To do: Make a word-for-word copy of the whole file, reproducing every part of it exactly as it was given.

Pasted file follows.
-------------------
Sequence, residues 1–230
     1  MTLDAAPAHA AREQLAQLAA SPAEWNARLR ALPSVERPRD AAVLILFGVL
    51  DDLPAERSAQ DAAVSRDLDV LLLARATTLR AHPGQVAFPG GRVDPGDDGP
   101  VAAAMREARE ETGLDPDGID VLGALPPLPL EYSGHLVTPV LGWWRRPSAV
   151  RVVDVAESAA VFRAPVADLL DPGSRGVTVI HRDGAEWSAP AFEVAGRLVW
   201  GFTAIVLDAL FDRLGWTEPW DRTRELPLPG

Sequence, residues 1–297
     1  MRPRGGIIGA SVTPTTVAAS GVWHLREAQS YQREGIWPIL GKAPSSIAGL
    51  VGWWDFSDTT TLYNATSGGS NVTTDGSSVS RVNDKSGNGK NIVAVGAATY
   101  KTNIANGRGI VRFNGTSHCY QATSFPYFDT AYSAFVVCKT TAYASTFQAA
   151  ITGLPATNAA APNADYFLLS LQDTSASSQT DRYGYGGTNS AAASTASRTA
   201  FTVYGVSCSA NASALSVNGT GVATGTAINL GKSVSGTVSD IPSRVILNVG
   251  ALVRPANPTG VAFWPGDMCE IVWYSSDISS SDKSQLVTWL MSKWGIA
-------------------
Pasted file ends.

Sequence, residues 1–230
     1  MTLDAAPAHA AREQLAQLAA SPAEWNARLR ALPSVERPRD AAVLILFGVL
    51  DDLPAERSAQ DAAVSRDLDV LLLARATTLR AHPGQVAFPG GRVDPGDDGP
   101  VAAAMREARE ETGLDPDGID VLGALPPLPL EYSGHLVTPV LGWWRRPSAV
   151  RVVDVAESAA VFRAPVADLL DPGSRGVTVI HRDGAEWSAP AFEVAGRLVW
   201  GFTAIVLDAL FDRLGWTEPW DRTRELPLPG

Sequence, residues 1–297
     1  MRPRGGIIGA SVTPTTVAAS GVWHLREAQS YQREGIWPIL GKAPSSIAGL
    51  VGWWDFSDTT TLYNATSGGS NVTTDGSSVS RVNDKSGNGK NIVAVGAATY
   101  KTNIANGRGI VRFNGTSHCY QATSFPYFDT AYSAFVVCKT TAYASTFQAA
   151  ITGLPATNAA APNADYFLLS LQDTSASSQT DRYGYGGTNS AAASTASRTA
   201  FTVYGVSCSA NASALSVNGT GVATGTAINL GKSVSGTVSD IPSRVILNVG
   251  ALVRPANPTG VAFWPGDMCE IVWYSSDISS SDKSQLVTWL MSKWGIA